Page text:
abstract = "The aim of this study was to elucidate the relative importance of physical versus biological loss processes for the removal of microphytobenthic (MPB) bound nitrogen in a coastal environment at different times of the year via a dual isotope labeling technique. We used 51Cr, binding to inorganic sediment particles but not participating in any biological processes, and 15N–NO3 −, taken up by the MPB and turned over as part of the MPB nitrogen pool. Retention, down-mixing, and export of 15N were due to both biological and physical processes, so that by comparing retention of the two isotopes, we were able to discern the relative importance of physical and biological processes. The isotope marking was supplemented with measurements of sediment chlorophyll biomass and oxygen fluxes, allowing us to evaluate MPB biomass as well as primary production vs. respiration in the sediment. In spring/early summer, the system was characterized by tight N cycling and high N retention: any remineralized N was immediately taken up and retained in the MPB biomass. In late summer and autumn, the system was still physically stable, but high biological mediated N losses were observed. In early winter, the system was physically dominated due to low MPB biomasses and activity combined with a significant storm event. Our data support the hypothesis that the relative balance between physical and biological processes in determining retention and removal of MPB-bound nitrogen changes seasonally.",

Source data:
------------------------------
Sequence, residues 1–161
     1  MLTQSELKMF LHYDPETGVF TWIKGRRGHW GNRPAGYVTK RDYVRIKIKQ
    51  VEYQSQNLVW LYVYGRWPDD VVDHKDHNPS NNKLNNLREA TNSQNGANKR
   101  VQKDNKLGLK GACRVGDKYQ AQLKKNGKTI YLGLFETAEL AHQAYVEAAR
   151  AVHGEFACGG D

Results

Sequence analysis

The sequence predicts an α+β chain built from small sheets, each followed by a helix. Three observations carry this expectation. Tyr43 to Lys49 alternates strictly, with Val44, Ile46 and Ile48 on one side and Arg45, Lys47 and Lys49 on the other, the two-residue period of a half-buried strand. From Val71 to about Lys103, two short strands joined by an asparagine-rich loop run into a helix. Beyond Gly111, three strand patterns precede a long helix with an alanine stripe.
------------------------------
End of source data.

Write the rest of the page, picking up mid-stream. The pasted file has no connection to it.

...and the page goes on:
keywords = "Benthic chlorophyll, Microphytobenthos , Nitrogen dynamics, Nutrient cycling , Sediment processes , Benthic chlorophyll, Microphytobenthos , Nitrogen dynamics, Nutrient cycling , Sediment processes",
author = "Nielsen, {S\{o}ren Laurentius} and Nils Risgaard-Petersen and Banta, {Gary Thomas}",
year = "2017",
month = "7",
day = "25",
doi = "10.1007/s12237-017-0216-3",
language = "English",
volume = "40",
pages = "1276--1287",
journal = "Estuaries and Coasts",
issn = "1559-2723",
publisher = "Springer New York LLC",
number = "5",

}

TY - JOUR

T1 - Nitrogen retention in coastal marine sediments

T2 - Estuaries and Coasts

AU - Nielsen,Søren Laurentius

AU - Risgaard-Petersen,Nils

AU - Banta,Gary Thomas

PY - 2017/7/25

Y1 - 2017/7/25